This Monday, May 30th, we observe Memorial Day, honoring the men and women who died while serving in the U.S. military. Originally known as Decoration Day, it originated in the years following the Civil War and became an official federal holiday in 1971.
The Civil War, which ended in the spring of 1865, claimed more lives than any conflict in U.S. history and required the establishment of the country’s first National Cemeteries. By the late 1860s, Americans in various towns and cities had begun holding springtime tributes to these countless fallen soldiers, decorating their graves with flowers and reciting prayers.
Memorial Day, as Decoration Day gradually came to be known, originally honored only those lost while fighting in the Civil War. But during World War I the United States found itself embroiled in another major conflict, and the holiday evolved to commemorate all of the American military personnel who died in all wars.
It is unclear where exactly this tradition originated from; numerous different communities may have independently initiated the memorial gatherings. Nevertheless, in 1966 the federal government declared Waterloo, New York as the official birthplace of Memorial Day. Waterloo, which first celebrated Memorial Day on May 5th, was chosen because it hosted an annual, community-wide event, during which businesses closed and residents decorated the graves of soldiers with flowers and flags. Since then many communities have followed in their example.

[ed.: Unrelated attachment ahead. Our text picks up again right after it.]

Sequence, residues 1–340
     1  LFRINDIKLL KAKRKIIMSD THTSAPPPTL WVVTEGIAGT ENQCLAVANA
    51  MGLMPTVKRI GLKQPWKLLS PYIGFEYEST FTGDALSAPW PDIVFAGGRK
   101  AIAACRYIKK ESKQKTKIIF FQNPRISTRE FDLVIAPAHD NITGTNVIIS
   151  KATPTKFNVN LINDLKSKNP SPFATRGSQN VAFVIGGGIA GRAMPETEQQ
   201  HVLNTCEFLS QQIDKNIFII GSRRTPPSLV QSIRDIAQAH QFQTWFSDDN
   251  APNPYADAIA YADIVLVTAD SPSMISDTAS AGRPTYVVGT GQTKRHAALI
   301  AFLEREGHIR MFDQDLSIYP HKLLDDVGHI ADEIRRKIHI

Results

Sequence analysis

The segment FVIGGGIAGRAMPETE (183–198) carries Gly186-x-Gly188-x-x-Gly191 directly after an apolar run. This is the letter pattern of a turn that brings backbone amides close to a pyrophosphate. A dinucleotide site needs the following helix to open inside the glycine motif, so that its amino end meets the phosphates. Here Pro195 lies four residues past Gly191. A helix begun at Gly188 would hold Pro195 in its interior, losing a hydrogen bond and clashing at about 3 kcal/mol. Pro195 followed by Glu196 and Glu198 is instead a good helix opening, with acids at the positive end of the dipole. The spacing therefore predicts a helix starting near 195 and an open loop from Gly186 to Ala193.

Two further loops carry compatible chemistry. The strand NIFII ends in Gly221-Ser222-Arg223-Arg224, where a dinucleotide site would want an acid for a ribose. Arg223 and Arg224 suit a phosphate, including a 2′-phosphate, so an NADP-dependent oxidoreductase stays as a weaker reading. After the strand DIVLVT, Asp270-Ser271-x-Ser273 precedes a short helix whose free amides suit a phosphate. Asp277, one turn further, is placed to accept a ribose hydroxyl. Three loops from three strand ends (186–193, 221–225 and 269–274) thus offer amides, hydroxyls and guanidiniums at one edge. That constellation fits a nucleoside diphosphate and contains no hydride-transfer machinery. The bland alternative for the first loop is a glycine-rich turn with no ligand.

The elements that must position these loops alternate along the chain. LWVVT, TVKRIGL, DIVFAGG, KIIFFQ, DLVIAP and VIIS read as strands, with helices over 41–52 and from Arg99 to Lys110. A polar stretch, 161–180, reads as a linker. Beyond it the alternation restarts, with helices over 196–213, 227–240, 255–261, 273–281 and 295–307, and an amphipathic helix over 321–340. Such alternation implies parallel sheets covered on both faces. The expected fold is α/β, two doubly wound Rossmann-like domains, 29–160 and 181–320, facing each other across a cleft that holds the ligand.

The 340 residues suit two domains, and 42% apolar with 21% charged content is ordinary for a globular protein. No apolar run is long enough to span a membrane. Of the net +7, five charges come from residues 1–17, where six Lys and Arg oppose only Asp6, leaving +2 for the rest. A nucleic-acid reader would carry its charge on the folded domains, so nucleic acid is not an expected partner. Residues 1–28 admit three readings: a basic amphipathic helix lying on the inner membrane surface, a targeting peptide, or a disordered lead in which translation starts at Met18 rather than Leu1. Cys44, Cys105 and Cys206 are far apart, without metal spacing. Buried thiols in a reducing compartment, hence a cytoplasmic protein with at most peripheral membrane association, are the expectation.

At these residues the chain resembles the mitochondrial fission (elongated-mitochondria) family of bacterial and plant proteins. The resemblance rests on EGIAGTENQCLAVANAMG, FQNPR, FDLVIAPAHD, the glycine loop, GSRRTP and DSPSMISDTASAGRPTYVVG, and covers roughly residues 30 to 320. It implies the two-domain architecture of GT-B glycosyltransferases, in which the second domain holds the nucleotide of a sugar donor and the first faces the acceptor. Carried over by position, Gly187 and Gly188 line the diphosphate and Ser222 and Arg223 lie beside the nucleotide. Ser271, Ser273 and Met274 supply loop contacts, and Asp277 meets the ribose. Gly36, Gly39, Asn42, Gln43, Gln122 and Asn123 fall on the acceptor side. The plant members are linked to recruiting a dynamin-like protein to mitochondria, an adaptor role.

A Memorial Day tradition in Dallas, the Avenue of Flags ceremony will take place Monday at 11 am in Dallas Cemetery. In a joint effort of the Dallas American Legion Carl B. Fenton Post 20 and Auxiliary and Veterans of Foreign Wars Post 3203, the flag display around the cemetery will grow to more than 700 flags from the original 65 flags.
Raising the flag for the ceremony is Boy Scout Troop 288, and will include music from the Dallas High School choir and band as well as guest speaker Marie McCandless. Mayor Brian Dalton will provide the welcome for the hour-long presentation. We hope that we all take a time on Monday to remember those that have paid the ultimate price to protect this country, its citizens, and their rights.